A year ago, the Terps headed into their ACC opener vs. Virginia Tech with a bloated 12-1 record, and after beating the less-than-mediocre Hokies, Maryland quickly showed it wasn't prepared to face the rigors of the league.

This year, Maryland has played a much more competitive nonconference schedule, and though it has faltered against the likes of Oregon State and Boston University (a team picked by many to win the Patriot League), the Terps have been in some close games.

Turgeon is correct when he says his team is 2-0, as he suggested when he scrawled  “1-0” on the whiteboard in Maryland's locker room after its recent win over Tulsa, because the NCAA tournament selection committee will take into account how Maryland fared after Allen returned from his injury.

As of today, there are just three teams that seem like NCAA tournament locks – the Orange, Blue Devils and Tar Heels, who might continue to struggle against mediocre teams, unless James Michael McAdoo learns to make free throws.

That’s not to say Maryland is without issues just because Allen is healthy.

While the point guard situation seemed to have settled down with the development of Roddy Peters and Allen’s return, just who Turgeon is going to use in the post seems to be a daily dilemma.

Free throw shooting remains a problem.

Two of the team’s best outside shooters, Evan Smotrycz and Jake Layman, come into the Georgia Tech game in the midst of shooting slumps.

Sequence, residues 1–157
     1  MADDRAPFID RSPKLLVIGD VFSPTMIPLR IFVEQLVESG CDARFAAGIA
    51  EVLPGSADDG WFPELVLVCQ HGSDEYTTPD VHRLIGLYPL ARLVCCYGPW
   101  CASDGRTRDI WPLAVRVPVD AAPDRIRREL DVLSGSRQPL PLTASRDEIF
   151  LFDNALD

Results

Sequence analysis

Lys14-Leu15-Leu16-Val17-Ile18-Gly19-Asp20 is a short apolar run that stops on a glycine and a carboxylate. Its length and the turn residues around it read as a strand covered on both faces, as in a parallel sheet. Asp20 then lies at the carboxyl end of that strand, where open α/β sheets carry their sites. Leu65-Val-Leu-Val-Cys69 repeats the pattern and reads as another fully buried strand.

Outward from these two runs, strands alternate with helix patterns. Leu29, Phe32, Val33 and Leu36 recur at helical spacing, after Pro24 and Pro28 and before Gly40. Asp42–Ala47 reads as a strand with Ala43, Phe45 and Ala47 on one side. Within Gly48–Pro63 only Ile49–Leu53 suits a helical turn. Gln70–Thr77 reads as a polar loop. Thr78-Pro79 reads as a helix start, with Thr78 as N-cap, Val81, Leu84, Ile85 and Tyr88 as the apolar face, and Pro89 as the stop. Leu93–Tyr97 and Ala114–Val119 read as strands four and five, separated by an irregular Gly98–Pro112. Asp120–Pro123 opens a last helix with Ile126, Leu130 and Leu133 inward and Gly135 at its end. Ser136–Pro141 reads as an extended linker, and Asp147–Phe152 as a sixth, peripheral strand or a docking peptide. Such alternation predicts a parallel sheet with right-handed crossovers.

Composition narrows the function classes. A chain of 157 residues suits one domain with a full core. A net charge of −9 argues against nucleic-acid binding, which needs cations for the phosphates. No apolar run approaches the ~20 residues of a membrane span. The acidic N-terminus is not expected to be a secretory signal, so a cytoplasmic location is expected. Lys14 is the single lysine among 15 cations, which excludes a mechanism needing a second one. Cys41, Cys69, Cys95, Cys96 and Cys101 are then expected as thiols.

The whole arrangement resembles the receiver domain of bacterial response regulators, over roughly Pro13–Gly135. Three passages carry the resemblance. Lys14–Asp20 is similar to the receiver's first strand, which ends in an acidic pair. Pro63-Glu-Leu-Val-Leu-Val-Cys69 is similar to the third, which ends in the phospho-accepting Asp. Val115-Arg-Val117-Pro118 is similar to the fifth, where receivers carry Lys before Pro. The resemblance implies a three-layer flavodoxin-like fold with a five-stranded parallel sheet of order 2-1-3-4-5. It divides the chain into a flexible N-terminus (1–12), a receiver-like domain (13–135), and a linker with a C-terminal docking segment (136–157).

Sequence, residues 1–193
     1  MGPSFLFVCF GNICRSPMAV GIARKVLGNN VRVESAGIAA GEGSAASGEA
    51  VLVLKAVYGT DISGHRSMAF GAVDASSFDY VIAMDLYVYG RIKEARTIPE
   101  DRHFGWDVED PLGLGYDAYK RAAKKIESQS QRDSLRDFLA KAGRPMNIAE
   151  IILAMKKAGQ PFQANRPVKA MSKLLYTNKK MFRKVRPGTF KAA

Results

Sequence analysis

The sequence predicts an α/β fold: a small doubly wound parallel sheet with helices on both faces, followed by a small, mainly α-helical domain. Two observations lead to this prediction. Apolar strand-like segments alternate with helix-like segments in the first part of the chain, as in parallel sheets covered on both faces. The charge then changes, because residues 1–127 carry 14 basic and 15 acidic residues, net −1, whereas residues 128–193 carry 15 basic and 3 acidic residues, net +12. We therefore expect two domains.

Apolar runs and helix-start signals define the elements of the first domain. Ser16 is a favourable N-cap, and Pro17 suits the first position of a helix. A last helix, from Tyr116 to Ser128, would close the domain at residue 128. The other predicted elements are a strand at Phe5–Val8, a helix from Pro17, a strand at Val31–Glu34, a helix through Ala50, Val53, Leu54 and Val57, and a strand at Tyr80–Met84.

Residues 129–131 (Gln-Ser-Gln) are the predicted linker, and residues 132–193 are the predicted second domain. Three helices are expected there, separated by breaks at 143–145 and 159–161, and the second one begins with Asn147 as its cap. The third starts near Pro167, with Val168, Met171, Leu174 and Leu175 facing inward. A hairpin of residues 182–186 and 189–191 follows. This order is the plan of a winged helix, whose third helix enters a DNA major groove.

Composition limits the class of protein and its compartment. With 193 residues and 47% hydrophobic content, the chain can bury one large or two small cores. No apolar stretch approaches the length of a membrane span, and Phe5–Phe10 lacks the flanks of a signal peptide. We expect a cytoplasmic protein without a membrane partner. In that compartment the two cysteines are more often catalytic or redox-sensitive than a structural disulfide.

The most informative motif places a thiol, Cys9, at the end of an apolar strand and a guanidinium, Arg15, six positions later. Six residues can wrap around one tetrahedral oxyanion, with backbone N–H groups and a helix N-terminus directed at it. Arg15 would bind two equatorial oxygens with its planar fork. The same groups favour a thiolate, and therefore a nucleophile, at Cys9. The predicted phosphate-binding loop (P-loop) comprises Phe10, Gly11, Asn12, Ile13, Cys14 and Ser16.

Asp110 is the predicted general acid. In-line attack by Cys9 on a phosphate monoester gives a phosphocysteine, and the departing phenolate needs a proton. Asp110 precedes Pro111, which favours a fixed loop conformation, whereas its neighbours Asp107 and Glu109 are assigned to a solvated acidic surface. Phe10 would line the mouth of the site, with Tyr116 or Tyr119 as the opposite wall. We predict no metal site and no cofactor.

Smotrycz has made 4 of his last 16 3-point shots and is 14-of-52 in the past four games. Layman is 4-of-14 overall and 2-of-10 over his last two games.

Already 1-0 after last month’s win at Boston College, the Terps need to do a better job holding serve at home than they’ve done in the preseason and they did last season.

The way the ACC is looking right now, winning at home could be the difference between playing in the postseason, or not. The way the ACC has played collectively, Maryland might not have as much catching up to do as one might think.

With Bill O'Brien leaving for the Houston Texans, what happens next with Penn State recruits?

Jonas Shaffer: For now, it doesn't look like much.

Defensive line coach and local recruiter Larry Johnson reportedly has been named interim head coach while the school conducts its search for O'Brien's successor, and none of the Penn State recruits you'd think Maryland would have interest in — running back Johnathan Thomas and defensive backs Marcus Allen and Troy Vincent (Gilman) — have hinted at wanting out of Happy Valley.

That could change whenever a new coach is named. Offensive lineman Jared Cohen (McDonogh), a onetime Terps commitment, is almost certainly monitoring the situation as closely as some of the program's committed players are. Whoever is tabbed to step in next could swing Cohen's chances of visiting, and ultimately committing to, Penn State.

What's more interesting — to me, at least — are the long-term ramifications of a new coach. What would happen if, say, former Maryland head-coach-in-waiting and current Vanderbilt head coach James Franklin were to take over at Penn State? What about former Rutgers and Tampa Bay Buccaneers head coach Greg Schiano? Or Ravens offensive coordinator Jim Caldwell? Which one would Maryland fans most dread, and which would would actually be most successful? (The answer to both, I think, is Franklin).

These are all somewhat silly questions to ask, seeing as how we don't know who's even interviewing for the vacancy, nor do we know what will happen between now and Feb. 5, football's National Signing Day. But as Maryland's introduction to the Big Ten Conference creeps ever closer, the direction of Penn State football, as close to a rival the Terps will have in their early years in the conference, matters more and more each day.